How could the UK benefit from fibre optic internet services?

Recent government announcements on the improvement of internet infrastructure in the UK have drawn criticism for their limited ambition.

While the threat of a widening gap in services between rural and urban areas have been the most high-profile of the complaints, the lack of focus on emerging technologies such as fibre optic broadband has also come under attack.

The plans as outlined by Culture Secretary Jeremy Hunt aim to give 90% of the country 24Mbps connections, primarily through copper cabling. When you consider that fibre optic connections allow for 1GBps, and that a growing number of UK businesses and homeowners are already benefitting from the service, the arguable short-sightedness of the Government’s proposals are put into focus.

So what would the benefits of concentrating on fibre optic broadband be?

Individuals

Internet services have really begun to boom as high speed internet has become more and more common. There has been a massive increase in streaming content, meaning people can catch up with major TV shows at a time that suits them, stream music, rent and watch films, and make video calls over the internet.

For many, this experience is far from smooth, especially at peak times. Many users still find the viewing experience to be choppy as oversubscribed connections fail to provide enough bandwidth.

A fibre optic network would make for much greater capacity in the system and increase quality. The proposed network may struggle under the weight of increased use, and user expectation.

New services such as online gaming platforms OnLive and Gaikai have highlighted the benefit of streaming and high-speed internet connections. Through the combination of cloud technology and a lightning quick connection, users can achieve better results on their standard computers, meaning they do not need to invest in the latest technology.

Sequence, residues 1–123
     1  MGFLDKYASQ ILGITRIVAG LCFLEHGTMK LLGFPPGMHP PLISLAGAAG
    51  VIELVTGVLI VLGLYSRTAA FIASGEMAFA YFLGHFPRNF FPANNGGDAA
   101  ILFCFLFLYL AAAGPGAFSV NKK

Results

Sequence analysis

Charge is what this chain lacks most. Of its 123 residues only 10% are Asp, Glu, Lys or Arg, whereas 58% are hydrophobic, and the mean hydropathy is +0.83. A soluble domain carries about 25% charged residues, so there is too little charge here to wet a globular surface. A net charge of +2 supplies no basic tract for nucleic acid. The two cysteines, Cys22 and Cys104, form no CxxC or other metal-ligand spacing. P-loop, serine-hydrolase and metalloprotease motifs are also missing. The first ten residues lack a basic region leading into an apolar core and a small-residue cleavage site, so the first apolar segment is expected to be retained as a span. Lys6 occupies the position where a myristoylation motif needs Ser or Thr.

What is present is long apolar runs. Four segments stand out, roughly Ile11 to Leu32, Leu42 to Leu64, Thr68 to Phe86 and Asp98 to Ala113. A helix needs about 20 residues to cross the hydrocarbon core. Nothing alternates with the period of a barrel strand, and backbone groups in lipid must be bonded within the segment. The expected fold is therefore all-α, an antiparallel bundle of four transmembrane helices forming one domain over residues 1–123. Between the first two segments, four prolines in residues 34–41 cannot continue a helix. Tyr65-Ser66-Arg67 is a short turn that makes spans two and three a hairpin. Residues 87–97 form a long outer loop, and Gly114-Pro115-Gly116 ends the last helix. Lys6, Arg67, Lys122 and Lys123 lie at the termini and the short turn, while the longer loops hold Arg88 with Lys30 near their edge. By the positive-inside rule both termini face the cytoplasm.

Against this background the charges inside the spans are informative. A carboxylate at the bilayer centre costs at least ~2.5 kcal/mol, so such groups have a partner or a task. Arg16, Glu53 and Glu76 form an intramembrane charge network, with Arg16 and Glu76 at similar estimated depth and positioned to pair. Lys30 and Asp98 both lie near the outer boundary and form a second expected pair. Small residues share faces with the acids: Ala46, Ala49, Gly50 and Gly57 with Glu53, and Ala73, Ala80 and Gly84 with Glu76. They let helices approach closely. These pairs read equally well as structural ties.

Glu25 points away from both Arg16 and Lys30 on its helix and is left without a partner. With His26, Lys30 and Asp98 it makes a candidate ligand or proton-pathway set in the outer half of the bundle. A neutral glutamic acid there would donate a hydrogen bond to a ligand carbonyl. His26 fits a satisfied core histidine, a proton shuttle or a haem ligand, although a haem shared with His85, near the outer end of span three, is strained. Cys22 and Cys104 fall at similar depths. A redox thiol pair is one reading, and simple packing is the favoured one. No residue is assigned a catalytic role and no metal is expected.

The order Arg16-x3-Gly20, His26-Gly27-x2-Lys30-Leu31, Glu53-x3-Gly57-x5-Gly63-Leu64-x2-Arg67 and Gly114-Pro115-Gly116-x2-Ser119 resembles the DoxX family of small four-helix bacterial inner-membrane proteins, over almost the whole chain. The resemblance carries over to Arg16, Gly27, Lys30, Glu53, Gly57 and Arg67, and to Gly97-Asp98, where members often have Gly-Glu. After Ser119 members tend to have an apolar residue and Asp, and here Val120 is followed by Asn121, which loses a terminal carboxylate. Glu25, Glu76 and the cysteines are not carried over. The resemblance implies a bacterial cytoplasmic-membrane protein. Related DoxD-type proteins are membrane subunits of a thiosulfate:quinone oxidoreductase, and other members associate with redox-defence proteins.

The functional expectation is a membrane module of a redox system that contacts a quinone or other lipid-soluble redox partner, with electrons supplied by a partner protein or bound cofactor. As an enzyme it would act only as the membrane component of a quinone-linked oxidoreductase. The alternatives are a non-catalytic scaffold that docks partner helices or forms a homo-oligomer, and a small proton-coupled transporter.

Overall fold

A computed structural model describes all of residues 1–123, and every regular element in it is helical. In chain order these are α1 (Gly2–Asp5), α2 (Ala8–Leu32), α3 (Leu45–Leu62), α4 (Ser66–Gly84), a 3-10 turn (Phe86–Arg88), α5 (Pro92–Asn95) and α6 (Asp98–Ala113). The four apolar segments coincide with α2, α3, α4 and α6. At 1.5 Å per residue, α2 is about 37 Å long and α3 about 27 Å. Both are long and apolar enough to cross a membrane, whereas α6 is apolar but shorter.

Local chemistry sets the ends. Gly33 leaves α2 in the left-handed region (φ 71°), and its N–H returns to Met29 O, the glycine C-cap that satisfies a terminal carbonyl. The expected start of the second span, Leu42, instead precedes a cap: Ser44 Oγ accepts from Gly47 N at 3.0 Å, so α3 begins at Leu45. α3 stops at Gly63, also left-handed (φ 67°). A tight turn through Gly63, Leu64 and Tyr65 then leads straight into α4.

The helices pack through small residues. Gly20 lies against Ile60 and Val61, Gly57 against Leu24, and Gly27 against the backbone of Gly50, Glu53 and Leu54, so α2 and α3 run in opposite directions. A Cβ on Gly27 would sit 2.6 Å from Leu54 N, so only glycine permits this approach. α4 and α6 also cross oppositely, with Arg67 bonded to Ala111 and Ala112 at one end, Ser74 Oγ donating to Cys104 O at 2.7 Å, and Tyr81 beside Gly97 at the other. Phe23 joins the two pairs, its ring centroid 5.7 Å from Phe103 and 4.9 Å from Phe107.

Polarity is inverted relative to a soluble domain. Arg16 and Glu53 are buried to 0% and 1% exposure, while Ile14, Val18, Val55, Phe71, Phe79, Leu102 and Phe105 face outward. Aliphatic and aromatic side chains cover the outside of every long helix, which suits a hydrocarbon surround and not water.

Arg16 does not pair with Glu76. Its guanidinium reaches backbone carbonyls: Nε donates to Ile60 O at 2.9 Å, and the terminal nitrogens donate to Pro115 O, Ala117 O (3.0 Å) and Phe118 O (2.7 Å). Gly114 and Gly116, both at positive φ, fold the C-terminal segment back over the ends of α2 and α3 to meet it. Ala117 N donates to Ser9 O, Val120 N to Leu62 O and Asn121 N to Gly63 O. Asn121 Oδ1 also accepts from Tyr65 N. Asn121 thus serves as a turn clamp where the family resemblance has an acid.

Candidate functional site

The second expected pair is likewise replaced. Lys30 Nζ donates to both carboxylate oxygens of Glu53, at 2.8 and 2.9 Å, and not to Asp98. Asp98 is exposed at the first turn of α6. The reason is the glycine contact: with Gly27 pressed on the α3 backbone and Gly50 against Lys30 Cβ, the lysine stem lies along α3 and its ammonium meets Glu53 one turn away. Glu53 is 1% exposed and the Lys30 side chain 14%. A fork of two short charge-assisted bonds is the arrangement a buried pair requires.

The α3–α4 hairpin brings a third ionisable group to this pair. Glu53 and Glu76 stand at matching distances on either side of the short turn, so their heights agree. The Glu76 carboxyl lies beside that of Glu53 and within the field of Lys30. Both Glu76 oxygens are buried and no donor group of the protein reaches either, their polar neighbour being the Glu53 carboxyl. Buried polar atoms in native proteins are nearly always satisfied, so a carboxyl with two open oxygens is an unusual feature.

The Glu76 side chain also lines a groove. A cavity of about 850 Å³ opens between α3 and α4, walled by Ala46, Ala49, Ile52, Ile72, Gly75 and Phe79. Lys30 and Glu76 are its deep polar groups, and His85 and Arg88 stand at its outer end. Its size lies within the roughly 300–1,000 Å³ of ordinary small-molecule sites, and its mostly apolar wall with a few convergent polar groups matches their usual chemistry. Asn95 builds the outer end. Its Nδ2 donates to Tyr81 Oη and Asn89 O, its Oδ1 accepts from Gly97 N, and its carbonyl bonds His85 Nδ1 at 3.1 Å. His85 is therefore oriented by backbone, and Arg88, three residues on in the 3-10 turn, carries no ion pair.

Businesses

Sceptics may be quick to comment that watching YouTube or playing the latest games are not particularly productive, and should not be a priority for the Government, but this is missing the point.

Fibre optic broadband offers a host of advantages to UK businesses through massively imprived data transfer rates.

Fibre-optic broadband allows for the speeding up business transactions and in turn increasing turnover and productivity. We will no longer require taking out time for business trips, when we can instead have high definition, uninterrupted video conferencing.

Those who rely on the likes of Skype or other business conferencing applications will know all too well that with the current infrastructure isn’t sufficient for this.

Fibre optic internet will also give a massive boost to smaller businesses, which will massively benefit from remote working and collaborations across the globe. Businesses will no longer be reliant on having hugely expensive and inefficient servers to host their data, as the increased internet speeds will make cloud hosting the backup method of the future.